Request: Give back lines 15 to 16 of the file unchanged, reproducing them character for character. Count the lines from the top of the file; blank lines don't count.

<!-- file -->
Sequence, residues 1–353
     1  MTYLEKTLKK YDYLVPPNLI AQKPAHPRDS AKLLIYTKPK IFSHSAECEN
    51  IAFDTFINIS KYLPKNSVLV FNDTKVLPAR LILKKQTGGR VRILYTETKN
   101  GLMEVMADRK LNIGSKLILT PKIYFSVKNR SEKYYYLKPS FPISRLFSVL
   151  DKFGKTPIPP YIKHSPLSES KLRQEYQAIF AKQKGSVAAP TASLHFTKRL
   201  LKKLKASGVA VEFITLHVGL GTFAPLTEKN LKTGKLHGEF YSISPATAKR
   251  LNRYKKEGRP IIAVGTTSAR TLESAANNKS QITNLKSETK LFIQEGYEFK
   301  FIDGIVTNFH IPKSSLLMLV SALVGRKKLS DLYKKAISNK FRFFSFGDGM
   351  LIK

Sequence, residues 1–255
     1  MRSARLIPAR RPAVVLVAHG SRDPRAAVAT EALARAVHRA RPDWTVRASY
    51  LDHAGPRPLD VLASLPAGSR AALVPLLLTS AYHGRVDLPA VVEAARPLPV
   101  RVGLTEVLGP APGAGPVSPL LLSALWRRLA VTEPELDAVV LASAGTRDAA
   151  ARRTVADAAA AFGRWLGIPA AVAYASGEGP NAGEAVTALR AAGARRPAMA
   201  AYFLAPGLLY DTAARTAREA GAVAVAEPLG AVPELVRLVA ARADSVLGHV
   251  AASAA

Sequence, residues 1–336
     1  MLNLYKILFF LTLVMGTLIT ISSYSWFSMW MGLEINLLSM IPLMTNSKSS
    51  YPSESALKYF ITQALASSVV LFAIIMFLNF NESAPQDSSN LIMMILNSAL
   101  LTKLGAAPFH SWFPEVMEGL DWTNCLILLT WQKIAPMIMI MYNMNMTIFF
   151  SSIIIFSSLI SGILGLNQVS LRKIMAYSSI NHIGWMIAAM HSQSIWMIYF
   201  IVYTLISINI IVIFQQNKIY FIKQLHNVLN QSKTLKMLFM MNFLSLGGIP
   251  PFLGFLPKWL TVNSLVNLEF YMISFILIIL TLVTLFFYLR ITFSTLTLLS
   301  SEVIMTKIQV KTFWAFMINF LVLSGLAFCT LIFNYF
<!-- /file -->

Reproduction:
   201  AYFLAPGLLY DTAARTAREA GAVAVAEPLG AVPELVRLVA ARADSVLGHV
   251  AASAA